In his autobiography Brother to a Dragonfly, Will Campbell recalls how his friend P. D. East had badgered him for a succinct definition of Christianity. East did not want a long or fancy explanation. “I’m not too bright,” he told Campbell. “Keep it simple. In ten words or less, what’s the Christian message?”
Campbell obliged his friend: “We’re all bastards but God loves us anyway,” he said. To which East replied, “If you want to try again, you have two words left.”
Campbell and East eventually had an extended conversation provoked by Campbell’s summary. It had stuck in East’s mind. He wasn’t sure he bought it, but it gave him something to think about.
The Century invited some authors to try their hand at summarizing the Christian message. We instructed them to proclaim the gospel in a maximum of seven words and expand on their statement in a few sentences. It’s instructive to see what Christian proclamation boils down to when someone is put on the spot and has only a few words. What is the essence of the essence of Christianity?
The exercise can have practical benefits. Christian leaders often need to have what business consultants call an “elevator speech”—a quick way to sum up what’s distinctive and compelling about Christianity. When asked to sum up the Christian message, one must do better than, “Ah, well, it’s complicated, but . . . ”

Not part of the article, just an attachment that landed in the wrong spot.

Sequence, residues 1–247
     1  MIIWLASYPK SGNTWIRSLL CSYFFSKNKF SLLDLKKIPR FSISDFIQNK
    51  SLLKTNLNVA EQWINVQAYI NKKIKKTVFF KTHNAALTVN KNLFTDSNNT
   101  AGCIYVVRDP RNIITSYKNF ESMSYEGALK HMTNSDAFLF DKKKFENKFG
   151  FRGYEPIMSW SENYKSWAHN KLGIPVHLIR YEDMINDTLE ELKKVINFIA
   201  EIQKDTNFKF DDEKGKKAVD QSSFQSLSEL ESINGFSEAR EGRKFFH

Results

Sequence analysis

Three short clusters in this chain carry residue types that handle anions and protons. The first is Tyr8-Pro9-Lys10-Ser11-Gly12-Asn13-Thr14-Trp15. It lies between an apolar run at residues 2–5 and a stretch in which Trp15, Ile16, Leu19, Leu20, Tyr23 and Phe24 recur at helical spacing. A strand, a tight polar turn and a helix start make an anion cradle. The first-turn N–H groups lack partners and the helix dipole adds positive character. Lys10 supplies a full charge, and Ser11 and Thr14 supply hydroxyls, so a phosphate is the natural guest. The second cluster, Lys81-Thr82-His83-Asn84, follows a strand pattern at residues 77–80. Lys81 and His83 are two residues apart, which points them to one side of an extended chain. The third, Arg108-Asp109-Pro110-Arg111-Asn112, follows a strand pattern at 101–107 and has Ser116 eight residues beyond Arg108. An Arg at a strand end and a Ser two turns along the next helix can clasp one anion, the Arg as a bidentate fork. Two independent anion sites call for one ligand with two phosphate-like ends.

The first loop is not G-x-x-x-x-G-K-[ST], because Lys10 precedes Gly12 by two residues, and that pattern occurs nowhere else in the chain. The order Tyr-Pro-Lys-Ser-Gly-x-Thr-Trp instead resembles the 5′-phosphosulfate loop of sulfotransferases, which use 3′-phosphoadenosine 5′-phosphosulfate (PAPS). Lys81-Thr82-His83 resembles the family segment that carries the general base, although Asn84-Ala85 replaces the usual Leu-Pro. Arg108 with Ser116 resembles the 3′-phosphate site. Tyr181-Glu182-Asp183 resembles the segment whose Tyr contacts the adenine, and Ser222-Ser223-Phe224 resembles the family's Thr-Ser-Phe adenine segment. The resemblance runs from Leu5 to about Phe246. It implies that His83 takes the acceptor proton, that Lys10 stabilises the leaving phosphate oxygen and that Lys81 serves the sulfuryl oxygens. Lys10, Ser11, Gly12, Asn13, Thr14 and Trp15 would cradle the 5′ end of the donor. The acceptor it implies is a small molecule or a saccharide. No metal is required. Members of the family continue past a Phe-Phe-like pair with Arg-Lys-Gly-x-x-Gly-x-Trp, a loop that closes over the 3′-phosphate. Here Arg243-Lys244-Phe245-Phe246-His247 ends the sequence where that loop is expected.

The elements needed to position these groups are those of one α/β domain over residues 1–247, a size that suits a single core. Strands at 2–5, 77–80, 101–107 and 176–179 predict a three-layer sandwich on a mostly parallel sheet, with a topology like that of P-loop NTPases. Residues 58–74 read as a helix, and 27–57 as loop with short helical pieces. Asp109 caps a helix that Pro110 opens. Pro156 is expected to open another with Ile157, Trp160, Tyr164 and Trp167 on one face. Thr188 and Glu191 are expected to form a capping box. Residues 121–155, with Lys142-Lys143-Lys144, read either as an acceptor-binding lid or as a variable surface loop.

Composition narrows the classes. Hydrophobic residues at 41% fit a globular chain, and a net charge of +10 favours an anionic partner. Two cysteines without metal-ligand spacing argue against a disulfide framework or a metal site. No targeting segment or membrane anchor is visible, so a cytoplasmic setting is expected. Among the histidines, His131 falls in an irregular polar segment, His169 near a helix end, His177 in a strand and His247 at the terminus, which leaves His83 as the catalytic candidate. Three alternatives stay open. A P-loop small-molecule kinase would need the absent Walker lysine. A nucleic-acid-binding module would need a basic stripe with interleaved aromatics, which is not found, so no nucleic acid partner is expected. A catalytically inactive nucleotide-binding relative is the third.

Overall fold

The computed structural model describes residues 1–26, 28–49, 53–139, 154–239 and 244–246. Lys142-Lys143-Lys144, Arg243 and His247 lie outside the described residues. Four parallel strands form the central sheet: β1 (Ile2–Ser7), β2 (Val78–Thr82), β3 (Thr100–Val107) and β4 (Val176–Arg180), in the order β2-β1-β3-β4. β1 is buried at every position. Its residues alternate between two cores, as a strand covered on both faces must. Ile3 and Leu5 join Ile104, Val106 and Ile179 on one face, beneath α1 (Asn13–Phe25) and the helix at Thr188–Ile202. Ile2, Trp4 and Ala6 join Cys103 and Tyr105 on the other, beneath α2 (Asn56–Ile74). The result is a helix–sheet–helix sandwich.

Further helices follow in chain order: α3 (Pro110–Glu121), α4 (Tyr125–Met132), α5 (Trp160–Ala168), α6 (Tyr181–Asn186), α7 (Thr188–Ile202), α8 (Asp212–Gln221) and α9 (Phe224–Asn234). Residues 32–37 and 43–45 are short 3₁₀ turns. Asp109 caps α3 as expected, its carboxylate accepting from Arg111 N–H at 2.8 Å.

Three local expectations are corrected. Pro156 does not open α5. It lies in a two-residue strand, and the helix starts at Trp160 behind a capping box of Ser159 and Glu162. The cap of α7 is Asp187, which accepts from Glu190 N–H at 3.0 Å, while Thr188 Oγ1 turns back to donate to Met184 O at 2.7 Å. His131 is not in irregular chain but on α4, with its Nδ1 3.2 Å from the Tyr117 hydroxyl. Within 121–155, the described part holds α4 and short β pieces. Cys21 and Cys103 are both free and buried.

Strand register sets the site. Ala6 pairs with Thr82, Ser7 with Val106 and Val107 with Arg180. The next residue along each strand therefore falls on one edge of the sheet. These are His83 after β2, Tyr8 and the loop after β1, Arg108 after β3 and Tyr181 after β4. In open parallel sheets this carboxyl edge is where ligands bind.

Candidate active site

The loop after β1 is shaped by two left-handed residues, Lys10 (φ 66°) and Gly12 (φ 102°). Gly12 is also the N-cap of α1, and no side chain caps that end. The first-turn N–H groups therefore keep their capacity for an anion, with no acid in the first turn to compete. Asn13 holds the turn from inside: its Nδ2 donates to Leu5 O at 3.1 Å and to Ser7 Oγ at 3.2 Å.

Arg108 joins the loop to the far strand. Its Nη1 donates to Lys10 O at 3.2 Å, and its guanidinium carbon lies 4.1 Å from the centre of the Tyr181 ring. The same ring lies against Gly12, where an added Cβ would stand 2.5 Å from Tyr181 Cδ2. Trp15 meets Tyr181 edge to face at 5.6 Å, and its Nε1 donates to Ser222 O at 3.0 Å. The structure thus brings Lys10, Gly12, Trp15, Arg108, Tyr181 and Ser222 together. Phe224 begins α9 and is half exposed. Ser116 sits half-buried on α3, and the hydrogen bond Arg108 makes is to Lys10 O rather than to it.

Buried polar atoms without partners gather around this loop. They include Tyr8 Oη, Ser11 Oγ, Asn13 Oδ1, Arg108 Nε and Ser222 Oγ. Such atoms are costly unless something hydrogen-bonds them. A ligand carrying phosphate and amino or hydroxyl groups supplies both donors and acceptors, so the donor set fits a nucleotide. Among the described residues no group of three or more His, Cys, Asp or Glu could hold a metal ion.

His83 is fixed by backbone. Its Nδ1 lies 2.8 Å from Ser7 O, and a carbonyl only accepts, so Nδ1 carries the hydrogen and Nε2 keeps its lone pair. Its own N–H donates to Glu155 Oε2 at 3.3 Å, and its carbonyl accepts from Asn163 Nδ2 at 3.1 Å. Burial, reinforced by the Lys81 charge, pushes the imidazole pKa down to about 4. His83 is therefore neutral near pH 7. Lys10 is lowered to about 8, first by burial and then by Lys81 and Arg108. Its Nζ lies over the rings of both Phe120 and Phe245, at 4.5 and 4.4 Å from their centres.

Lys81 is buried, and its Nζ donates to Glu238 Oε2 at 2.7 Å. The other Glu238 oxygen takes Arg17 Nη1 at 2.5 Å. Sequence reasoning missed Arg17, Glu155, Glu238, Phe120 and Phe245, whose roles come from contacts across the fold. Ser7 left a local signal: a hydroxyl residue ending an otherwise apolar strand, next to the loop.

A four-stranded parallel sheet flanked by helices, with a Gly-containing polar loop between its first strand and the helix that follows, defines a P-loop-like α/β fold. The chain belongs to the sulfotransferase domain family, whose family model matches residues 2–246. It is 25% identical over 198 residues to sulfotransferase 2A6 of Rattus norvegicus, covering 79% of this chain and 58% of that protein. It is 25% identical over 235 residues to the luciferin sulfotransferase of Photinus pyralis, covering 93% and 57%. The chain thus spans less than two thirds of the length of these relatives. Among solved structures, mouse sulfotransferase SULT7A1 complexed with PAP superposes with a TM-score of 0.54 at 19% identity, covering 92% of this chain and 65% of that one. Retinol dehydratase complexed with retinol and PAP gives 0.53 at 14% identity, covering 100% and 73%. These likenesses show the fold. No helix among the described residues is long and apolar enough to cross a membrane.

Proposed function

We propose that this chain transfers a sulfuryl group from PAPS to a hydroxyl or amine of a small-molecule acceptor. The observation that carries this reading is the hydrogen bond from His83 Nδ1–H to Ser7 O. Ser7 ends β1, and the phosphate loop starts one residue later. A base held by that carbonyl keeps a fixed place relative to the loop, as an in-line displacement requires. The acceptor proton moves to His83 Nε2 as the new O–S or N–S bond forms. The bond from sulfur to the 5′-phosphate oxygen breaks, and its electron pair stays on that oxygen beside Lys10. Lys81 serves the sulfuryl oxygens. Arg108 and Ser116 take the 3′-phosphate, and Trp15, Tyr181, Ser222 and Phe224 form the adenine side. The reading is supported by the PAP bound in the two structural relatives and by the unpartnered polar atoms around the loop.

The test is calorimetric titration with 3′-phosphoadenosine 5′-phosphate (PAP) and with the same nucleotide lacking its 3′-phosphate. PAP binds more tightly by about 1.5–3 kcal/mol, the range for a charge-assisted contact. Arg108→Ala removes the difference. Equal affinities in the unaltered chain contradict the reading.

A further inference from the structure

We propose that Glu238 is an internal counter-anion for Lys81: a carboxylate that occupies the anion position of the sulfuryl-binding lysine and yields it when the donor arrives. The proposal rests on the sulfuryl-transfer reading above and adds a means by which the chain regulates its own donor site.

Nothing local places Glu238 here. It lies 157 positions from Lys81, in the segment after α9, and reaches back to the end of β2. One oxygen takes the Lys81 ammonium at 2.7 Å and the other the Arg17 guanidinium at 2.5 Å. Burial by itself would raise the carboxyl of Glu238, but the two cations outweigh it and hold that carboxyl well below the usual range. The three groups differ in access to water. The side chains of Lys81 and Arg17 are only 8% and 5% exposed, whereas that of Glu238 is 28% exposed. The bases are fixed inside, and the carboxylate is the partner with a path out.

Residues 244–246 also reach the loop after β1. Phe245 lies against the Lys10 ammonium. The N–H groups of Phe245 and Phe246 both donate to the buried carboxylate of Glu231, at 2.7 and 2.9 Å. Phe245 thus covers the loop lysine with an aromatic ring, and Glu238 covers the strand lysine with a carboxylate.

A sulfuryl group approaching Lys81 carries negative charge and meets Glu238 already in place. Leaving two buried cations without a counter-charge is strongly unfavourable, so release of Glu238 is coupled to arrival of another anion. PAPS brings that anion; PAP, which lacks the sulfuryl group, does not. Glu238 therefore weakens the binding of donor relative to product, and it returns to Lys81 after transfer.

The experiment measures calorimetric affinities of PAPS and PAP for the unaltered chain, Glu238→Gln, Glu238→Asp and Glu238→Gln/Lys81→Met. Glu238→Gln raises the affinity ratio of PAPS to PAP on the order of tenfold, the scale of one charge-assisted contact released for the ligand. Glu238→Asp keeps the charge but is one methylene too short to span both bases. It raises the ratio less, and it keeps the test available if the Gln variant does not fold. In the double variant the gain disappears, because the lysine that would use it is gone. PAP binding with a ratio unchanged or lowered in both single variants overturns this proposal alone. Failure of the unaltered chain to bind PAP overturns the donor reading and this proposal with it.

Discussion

Campbell clearly thought that a pithy version of the good news needed to begin with some account of the bad news. It’s the bad news, after all, that occasions a longing for the good news. Campbell and East were friends in the midst of the civil rights struggle in the South in the late 1950s. Their lives had been defined by the racism, violence and moral evasions that pervaded that segregated society. Campbell did not exempt himself or his friend from that reality. Indeed, he thought that naming the dark side of humanity is an essential part of the Christian message: “We’re all bastards . . . ”
Our respondents were not so blunt in diagnosing the human condition. Many seem determined to make grace, not sin, the prominent feature. Nevertheless, sin is acknowledged in some way.
In the incarnation, life,
death and resurrection of Christ we see that God is so for us and with us that
we can no longer be defined according to death, a religion-based worthiness
system or even the categories of late-stage capitalism.
Among Gospel epitomes I
especially love the Jesus prayer, the Agnus Dei and "When he ascended on high,
he led captivity captive"--the good news as I first heard it from Paul
(Ephesians 4:8) and Christ's Jubilee proclamation (Luke 4:18).
Christ "has broken down
the dividing wall. . . . that he might create in himself one new humanity in
place of the two, thus making peace, and might reconcile both groups to God in
one body through the cross, thus putting to death that hostility through it."